Entering his second NFL offseason, Bridgewater understands he needs to work on trusting his reads and being more assertive in making plays in the passing game.
"Just being more aggressive," he said of what he needs to improve in 2016, via ESPN.com. "I'm going to spend some time watching the tape, watching all of the pass plays, all the running plays, just critique them myself. Some little things that I can do better."
Around The NFL's Gregg Rosenthal noted in his audit of all the Wild Card Weekend losers that the Vikings' most pressing need was to develop the passing game, including adding another dynamic receiver to complement rookie Stefon Diggs. I'll add upgrades on the offensive line to the wish list. Bridgewater rarely had time to push the ball deep if he wanted to, thanks to a mediocre pass blocking group.
The blocking issues weren't lost on coach Mike Zimmer, who described the line play as "sporadic" on Tuesday, adding "we've got to do better."
Even with the lack of weapons and suspect blocking, Bridgewater still needs to up his aggression. There were plenty of times his game tape showed open receivers only to see him bail on the play too early or get gun-shy about pulling the trigger. Bridgewater was the opposite of a gunslinger: overly conservative to the offense's detriment.
His stats bear out the penchant for conservatism. Bridgewater piled up 10 games with fewer than 200 yards passing in his second season, including Sunday's playoff tilt in which he completed only six passes of more than five yards downfield. The quarterback had just one three-game streak in 2015 in which he went over the 200-yard mark. It's the opposite of what we saw from him down the stretch of his rookie year, when he finished averaging 273 yards passing in his final four contests of 2014.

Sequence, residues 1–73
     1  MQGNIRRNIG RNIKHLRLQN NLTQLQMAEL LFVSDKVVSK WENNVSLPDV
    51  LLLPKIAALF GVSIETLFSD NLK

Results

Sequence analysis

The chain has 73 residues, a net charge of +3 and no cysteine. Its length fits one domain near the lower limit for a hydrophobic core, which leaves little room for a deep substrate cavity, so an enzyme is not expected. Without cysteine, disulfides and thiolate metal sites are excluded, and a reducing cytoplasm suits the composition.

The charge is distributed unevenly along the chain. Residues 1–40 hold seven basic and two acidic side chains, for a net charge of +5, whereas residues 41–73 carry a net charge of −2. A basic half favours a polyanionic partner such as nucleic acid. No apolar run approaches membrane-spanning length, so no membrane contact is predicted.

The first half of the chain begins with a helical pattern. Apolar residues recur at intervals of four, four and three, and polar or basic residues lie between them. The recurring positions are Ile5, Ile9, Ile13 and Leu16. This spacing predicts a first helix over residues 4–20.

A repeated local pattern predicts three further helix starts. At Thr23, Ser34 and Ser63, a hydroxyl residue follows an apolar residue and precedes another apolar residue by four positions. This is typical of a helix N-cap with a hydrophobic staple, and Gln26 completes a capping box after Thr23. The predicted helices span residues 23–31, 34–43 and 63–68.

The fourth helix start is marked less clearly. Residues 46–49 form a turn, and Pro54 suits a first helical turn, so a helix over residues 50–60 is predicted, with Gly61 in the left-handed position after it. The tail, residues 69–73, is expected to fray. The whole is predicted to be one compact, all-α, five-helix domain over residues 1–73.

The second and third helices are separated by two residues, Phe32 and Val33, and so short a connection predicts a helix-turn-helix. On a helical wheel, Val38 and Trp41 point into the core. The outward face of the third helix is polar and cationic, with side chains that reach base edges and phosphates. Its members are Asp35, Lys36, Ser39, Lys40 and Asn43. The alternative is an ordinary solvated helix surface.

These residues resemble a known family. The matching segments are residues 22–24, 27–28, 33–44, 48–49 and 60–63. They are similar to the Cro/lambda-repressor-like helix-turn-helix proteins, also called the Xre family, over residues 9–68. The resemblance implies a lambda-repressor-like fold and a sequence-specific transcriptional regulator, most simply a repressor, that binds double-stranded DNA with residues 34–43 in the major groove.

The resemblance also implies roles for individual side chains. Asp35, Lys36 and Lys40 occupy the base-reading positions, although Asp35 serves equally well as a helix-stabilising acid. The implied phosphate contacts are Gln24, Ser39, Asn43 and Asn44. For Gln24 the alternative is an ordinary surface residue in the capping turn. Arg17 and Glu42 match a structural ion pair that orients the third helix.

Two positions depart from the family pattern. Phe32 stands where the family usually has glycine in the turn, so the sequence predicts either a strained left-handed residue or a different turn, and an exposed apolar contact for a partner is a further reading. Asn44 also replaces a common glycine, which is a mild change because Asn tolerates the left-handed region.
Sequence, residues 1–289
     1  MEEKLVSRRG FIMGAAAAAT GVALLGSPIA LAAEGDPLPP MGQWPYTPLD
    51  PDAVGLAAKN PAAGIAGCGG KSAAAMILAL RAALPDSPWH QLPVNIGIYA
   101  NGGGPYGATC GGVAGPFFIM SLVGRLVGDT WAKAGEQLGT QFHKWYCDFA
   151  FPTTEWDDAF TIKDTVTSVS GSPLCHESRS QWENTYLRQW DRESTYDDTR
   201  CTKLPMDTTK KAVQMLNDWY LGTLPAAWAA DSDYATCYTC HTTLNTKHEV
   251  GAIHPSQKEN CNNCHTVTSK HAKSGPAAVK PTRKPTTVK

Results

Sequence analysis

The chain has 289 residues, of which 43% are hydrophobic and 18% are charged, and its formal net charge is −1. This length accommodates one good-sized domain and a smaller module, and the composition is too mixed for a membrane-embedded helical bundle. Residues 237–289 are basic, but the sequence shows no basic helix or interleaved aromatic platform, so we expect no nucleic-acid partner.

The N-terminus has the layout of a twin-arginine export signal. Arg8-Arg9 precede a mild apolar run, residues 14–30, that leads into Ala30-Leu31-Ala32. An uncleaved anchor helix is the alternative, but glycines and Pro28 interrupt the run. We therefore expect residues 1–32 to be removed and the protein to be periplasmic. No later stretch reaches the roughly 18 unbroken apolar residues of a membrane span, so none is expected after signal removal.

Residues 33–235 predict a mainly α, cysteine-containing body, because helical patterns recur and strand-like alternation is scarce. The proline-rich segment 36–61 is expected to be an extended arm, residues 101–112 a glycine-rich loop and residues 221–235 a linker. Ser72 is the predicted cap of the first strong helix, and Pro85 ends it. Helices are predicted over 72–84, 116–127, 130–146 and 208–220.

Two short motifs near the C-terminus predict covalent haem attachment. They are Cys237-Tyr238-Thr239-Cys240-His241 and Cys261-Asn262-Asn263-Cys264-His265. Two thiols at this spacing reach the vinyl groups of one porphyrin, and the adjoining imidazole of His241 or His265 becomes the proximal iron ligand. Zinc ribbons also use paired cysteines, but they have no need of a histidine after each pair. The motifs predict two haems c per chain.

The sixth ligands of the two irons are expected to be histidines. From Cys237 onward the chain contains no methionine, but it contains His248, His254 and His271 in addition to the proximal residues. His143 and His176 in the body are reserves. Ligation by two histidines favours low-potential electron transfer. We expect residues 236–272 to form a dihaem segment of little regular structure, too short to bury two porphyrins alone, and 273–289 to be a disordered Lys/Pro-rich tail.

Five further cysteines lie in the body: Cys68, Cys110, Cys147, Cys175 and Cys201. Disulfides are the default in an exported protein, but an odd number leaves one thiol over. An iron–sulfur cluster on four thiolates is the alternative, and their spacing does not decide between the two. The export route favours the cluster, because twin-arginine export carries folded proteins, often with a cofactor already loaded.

"I think what was asked of my position -- I think we did a good job of doing what was asked of it, and now it's just time to take that extra step," Bridgewater said. "We're going to get together this offseason, (with the) coaching staff. I have to do a good job of communicating with those guys. We're all going to be on the same page, and when we come back in the spring it's going to be full speed."
What he was asked to do was lean on Adrian Peterson. While All Day proved he could still carry the Vikings to the playoffs, to lift more than division hardware, Minnesota needs Bridgewater to take that leap forward.